With marketers having to deal with more media platforms than ever, collating content is becoming an important skill. Laura Varley at Vertical-Leap provides advice on repurposing content.
Think of your favourite song – it hasn’t been released just once. It started off as a single, but has since been remixed, covered by other artists, sampled on various tracks and made its way onto a handful of compilation albums.
Music publishers know how to get the most out of their artists’ hard work. After all, coming up with a number one hit isn’t easy, and the same goes for audience-grabbing content. Repurposing existing content is an easy way to get more out of one, or sometimes several, pieces of work.
Let’s take a look at some simple but effective ways to repurpose your site’s content.
Collate your greatest hits
If you track how well your content performs via Google Analytics (and if not, you should), then you can easily see which pieces of content pull in the most readers. Make a note of the most popular pieces and see if a particular theme or subject sticks out.
Then, you can collate all the pieces covering that subject and turn it into a bigger piece of content, such as an ebook. You already know that, if done right, the ebook will pull in a big audience, as it contains some of the site’s most popular content and is about one of your audience’s favourite topics, so it’s not a big, time-consuming risk.
Alternatively, you can break a successful ebook/whitepaper into several smaller blog posts and direct your audience to the document’s download link should they want to read more.
Transform one type of content into another
So, you’ve written a blog on the various number of ways a business can save money, but why stop there? That blog could easily be transformed in an infographic, SlideShare, video, quiz and more. After all, not every member of your audience interested in that subject is necessarily going to want to read a blog post. They might prefer a more visual format, or something that’s interactive.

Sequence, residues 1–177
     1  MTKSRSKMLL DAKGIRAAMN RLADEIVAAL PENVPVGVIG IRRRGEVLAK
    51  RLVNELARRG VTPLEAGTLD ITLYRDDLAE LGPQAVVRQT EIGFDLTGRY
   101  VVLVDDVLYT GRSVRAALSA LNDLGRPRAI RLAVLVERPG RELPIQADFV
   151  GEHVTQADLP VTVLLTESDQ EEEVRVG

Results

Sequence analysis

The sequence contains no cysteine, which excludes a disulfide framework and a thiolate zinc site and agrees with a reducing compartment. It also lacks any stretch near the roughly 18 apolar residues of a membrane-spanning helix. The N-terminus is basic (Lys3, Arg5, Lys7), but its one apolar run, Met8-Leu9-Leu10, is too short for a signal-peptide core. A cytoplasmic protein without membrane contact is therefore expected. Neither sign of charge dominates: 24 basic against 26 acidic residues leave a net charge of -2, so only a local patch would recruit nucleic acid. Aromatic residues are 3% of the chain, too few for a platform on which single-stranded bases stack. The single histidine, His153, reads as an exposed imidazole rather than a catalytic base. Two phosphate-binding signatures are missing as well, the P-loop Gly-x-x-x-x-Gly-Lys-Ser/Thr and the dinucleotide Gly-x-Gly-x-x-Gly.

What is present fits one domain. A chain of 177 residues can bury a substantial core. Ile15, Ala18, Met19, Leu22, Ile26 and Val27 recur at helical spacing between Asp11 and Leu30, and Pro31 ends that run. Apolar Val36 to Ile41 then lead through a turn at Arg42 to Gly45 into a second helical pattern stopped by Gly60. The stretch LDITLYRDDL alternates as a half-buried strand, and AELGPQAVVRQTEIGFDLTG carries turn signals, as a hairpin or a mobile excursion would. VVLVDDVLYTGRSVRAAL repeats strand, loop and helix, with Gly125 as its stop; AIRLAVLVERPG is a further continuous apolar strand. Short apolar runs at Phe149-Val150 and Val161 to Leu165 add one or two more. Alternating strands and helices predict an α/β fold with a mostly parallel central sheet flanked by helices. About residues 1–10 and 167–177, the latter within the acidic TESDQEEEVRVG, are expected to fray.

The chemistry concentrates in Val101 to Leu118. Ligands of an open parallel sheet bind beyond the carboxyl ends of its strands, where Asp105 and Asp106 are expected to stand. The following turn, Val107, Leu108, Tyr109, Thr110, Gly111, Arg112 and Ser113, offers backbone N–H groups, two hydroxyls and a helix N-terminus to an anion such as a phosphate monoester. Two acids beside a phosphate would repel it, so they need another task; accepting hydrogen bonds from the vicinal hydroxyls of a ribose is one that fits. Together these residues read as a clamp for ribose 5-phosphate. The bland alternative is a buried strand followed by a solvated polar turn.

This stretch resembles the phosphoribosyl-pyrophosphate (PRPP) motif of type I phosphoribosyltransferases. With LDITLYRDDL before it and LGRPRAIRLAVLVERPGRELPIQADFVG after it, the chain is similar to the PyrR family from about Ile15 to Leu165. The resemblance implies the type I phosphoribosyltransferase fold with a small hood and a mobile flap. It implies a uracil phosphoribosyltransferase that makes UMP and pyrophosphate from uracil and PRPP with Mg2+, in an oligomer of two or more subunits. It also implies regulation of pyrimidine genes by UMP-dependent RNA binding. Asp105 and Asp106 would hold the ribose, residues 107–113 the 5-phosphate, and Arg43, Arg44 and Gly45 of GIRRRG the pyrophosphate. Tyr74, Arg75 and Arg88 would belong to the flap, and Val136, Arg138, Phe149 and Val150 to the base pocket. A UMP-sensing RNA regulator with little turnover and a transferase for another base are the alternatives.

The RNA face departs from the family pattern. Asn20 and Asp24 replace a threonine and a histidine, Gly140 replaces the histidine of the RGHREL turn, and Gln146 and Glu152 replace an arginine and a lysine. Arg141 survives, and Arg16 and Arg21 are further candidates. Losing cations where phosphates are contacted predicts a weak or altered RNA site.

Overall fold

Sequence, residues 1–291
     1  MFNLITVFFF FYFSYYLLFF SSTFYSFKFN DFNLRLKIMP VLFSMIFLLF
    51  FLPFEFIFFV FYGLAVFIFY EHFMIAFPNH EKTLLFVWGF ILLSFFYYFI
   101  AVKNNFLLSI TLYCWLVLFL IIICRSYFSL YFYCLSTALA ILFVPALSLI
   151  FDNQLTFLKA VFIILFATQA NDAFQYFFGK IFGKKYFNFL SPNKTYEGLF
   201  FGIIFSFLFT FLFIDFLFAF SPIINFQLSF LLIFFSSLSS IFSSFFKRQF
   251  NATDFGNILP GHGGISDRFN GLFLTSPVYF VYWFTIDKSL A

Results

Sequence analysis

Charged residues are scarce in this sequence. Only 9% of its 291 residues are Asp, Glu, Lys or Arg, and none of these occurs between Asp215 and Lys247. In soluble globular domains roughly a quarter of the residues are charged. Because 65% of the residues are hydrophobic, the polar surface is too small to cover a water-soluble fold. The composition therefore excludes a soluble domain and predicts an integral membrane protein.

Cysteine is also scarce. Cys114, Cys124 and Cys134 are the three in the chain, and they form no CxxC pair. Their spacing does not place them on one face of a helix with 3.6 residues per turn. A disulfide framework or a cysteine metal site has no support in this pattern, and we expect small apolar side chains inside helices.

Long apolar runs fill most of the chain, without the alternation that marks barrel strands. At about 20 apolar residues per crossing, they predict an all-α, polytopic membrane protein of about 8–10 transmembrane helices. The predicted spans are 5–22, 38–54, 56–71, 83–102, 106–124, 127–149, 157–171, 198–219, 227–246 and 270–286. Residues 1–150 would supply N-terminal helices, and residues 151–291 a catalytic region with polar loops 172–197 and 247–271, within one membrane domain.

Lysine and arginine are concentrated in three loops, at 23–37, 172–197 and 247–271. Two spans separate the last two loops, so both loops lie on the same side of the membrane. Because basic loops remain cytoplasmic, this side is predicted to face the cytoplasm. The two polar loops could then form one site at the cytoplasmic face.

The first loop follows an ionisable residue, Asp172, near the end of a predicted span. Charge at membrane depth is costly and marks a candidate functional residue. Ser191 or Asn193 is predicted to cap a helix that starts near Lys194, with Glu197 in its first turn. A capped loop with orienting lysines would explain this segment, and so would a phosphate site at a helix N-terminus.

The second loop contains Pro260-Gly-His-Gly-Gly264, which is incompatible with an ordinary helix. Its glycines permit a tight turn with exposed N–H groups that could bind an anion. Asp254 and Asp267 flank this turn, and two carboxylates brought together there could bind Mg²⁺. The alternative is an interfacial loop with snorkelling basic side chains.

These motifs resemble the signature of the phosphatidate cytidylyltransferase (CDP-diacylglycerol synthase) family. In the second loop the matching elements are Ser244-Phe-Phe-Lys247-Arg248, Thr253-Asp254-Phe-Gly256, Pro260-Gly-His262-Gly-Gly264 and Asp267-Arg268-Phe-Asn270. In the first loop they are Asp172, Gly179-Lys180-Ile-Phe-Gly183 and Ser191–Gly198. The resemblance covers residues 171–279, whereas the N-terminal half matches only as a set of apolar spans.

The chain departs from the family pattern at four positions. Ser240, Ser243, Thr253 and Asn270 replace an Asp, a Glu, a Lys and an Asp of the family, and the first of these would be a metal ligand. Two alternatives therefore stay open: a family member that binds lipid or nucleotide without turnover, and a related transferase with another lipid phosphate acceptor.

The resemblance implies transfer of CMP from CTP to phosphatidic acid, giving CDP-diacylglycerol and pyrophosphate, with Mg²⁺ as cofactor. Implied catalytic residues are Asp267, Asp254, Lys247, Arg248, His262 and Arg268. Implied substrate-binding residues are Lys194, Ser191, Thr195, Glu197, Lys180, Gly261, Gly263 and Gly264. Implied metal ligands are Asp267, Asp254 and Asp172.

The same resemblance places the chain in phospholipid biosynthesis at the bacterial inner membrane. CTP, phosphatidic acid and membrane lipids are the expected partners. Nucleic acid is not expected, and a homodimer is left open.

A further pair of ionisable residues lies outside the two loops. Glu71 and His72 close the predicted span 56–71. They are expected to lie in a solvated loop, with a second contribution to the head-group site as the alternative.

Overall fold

Plus, if that initial blog required you to do a lot of research, you want to get the most out of the data you mined. For example, to boost awareness of how much impact text message reminders can have for our client Textlocal, we decided to investigate what is the true cost of NHS missed appointments. This not only required us to sift through official figures, but to work out how else that wasted money could be spent.
The time expended conducting this research would have gone to waste if all we’d produced was a blog, so we also created a shareable infographic, a press release and drafted some social media posts for Textlocal to use across its channels. Big, bold campaigns are always going to be more successful than just a single blog post. The next time you write a blog post, think about what other types of content it could become.
Update archaic content
‘Five restaurant interior trends to look out for in 2013’ may be your best performing article of all time, but it’s not really relevant any longer. However, since this type of article has done so well in the past, it makes sense to replicate its success – it just needs updating.
You have the basic layout; you just need to change the content so it’s relevant for this year. Once you’ve written the new blog, you can link to it in the 2013 piece, so that the people landing on the outdated content can read the new version.
Further, you can boost the performance of existing content that’s still relevant, by going back and adding something new to it. Perhaps that how-to piece would benefit from a video or infographic?
Make use of other people’s content
Don’t limit yourself to just repurposing your own content – aggregate or round-up pieces are a quick, easy way to produce new content. Buzzfeed is famous for these types of articles; it takes images from elsewhere on the web and manages to create shareable listicles adored by the masses, and it doesn’t require much effort at all.
We have written several aggregate pieces for tech leasing client Hardsoft Computers and they prove to be extremely popular with its audience. One piece, entitled ‘Most incredible images drawn on the iPad Pro’ is the site’s best performing blog of 2016, having brought almost 4,500 people onto the site. Buzzfeed clearly knows what it’s doing.
Don’t let your great ideas go to waste – milk them for all they’re worth! Of course, you need to ensure that each piece you produce is of the highest quality, and not just simply a rehash of something else. However, when done right, repurposed content really can reap a lot of rewards for minimum effort.
By Laura Varley